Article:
Sunday, 2 December 2018

Are your communications creating a barrier between you and your target audience?

This may seem a ridiculous question, but it’s a mistake businesses make every day.

They create communications that alienate and disengage their audience — and they don’t even know they’re doing it.

Here are three common examples of things businesses do in their communications that they really need to stop.

1. Using unfamiliar jargon and acronyms

Imagine trying to read something and constantly having to break off to look up terms and acronyms you’ve never heard of before.

Then, trying to determine the context and meaning of those words and acronyms as they were meant in the text you were reading.

Does that sound like fun?

Didn't think so.

But this is what your reader has to do when you use industry jargon and unexplained acronyms in your copy.

What makes perfect sense to you doesn't necessarily make sense to someone who has never been around those terms before.

Think of it this way: Every time you cause your readers to break away from reading your copy, you risk losing them altogether.

Avoid using jargon wherever possible and explain your points in layman's terms, so the average person can understand them.

If you have to use industry terms, make sure you explain them the first time you use them, so your reader comes to understand what they mean.

2. Using highfalutin language

Everyone wants their business to sound professional.

But if you think that means you have to use big words and fancy language, you're wrong.

When businesses use highfalutin language, at least one of these things usually happens:

  • They sound pompous and pretentious
  • They make errors because they don't understand the meaning of the words they’re using — or how to use them correctly
  • They end up alienating their readers
According to the speaker at a seminar I recently attended, the average reading age in the UK is 9. This is the age tabloid newspapers, like The Sun, are writing for.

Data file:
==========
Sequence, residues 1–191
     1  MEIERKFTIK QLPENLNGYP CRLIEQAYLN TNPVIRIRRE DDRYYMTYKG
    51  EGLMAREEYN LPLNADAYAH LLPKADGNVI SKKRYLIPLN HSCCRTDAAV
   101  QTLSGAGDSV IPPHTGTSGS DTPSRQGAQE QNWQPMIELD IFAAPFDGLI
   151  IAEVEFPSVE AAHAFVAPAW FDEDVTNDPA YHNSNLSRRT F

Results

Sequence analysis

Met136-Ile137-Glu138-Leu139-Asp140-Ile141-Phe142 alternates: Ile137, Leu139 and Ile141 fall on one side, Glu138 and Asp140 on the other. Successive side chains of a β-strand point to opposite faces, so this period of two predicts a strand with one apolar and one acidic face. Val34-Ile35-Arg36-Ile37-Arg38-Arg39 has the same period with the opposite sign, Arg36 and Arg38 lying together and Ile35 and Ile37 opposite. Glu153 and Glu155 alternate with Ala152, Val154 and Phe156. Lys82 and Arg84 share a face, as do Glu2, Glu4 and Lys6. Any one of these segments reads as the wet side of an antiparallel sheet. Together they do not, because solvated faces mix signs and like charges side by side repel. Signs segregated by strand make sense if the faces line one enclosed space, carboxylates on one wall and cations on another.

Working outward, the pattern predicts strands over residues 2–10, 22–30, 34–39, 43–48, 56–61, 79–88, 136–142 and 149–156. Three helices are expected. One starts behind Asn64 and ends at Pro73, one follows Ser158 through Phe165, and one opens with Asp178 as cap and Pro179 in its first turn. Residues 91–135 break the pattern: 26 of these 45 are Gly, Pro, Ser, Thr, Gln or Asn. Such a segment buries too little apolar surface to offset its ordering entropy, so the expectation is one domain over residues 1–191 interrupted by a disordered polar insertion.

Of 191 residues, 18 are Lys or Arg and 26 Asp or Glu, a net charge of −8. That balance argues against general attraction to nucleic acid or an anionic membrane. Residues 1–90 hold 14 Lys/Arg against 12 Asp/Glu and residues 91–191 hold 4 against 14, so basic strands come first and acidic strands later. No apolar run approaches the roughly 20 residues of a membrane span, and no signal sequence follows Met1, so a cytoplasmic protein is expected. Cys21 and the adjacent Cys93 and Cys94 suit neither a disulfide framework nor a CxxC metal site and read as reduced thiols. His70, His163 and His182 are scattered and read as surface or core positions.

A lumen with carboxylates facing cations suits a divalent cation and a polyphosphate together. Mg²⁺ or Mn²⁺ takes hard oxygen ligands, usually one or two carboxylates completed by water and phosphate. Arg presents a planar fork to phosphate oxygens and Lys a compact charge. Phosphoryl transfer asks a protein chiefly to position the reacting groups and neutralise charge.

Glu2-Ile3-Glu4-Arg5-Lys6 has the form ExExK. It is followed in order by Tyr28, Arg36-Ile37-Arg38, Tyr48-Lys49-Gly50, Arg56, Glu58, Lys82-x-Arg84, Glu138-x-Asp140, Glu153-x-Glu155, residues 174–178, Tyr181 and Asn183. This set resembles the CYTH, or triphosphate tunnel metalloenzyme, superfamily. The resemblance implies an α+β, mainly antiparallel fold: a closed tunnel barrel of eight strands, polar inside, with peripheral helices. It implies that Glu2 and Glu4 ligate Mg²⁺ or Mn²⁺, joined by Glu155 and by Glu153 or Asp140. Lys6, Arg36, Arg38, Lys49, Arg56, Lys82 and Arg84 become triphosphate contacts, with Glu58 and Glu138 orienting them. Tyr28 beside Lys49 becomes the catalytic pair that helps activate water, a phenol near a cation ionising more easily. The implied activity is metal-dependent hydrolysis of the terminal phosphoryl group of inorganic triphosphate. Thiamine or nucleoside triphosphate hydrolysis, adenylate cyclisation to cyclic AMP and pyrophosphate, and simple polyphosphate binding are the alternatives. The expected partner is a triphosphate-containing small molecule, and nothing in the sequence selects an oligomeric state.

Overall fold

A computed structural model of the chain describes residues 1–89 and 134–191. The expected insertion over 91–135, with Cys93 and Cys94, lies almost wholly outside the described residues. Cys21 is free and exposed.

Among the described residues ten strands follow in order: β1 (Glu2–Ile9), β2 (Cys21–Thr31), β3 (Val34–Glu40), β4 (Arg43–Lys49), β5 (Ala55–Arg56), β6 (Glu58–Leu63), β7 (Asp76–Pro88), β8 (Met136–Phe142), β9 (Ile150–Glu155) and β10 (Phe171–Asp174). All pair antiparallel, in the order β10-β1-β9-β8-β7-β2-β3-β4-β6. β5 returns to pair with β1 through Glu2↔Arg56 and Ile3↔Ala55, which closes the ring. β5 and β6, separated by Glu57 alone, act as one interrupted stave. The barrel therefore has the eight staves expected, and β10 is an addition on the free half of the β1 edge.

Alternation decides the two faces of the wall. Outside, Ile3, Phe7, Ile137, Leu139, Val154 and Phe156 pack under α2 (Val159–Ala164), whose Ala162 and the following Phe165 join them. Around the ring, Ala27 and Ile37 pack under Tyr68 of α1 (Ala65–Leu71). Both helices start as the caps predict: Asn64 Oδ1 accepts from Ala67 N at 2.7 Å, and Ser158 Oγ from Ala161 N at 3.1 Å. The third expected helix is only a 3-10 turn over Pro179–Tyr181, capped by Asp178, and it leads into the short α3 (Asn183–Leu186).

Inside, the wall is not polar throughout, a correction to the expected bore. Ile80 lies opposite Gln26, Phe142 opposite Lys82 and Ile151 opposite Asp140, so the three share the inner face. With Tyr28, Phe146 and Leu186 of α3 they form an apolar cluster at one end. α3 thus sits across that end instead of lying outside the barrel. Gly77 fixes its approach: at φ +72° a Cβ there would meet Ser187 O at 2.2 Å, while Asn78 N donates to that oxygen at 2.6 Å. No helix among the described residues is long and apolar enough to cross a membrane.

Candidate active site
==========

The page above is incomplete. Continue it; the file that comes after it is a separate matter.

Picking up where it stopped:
The average age of a broadsheet newspaper reader is just 14.

It’s worth remembering this when you’re writing your copy.

Communicating professionally is about more than just the words and language you use. It’s about knowing and understanding your audience and using language that is appropriate for them.

3. Using language that doesn’t align with your brand

In today’s competitive market, a strong brand can set your business apart from its competitors.

Customers buy into brands where they feel an attachment. For example, if the brand’s core values align with their own.

A strong brand is made up of six main components:
  1. A clear target market
  2. Its reason for being
  3. Its values and culture
  4. Its personality
  5. Its promise to its customers
  6. Its voice and the way it communicates
All of these elements must be aligned and working harmoniously together — including your copy.

If you run a high end restaurant, but sound like a back street café, your customers will find that difficult to buy into.

If you run a pound shop and constantly talk about ‘quality’ and ‘excellence’, you’re also going to be way off the mark.

Think about your product/service and your market when you write. Use appropriate language that embodies your brand and helps your customers find an affinity.

Do you need some help to avoid these mistakes?

If you’re struggling to write copy that connects with your audience, the chances are you’re too close to it. You need someone who can look at it objectively and tell you where you’re going wrong.

This is where I can help.

If you need someone to make sense of all the jargon and present it in a more user-friendly way — I can do that.

If you need someone to make your brand sound more professional, without alienating your audience — I can do that.

If you need someone to establish a tone of voice that aligns with the rest of your brand — I can do that too.

My name is Jenny Lucas. I’m a freelance copywriter, content writer and copy editor based in Leicester, UK. 

I specialise in writing clear, benefits focused copy that speaks to your audience using language they can understand.

To find out more about how I could help you improve your business communications, please visit my website.

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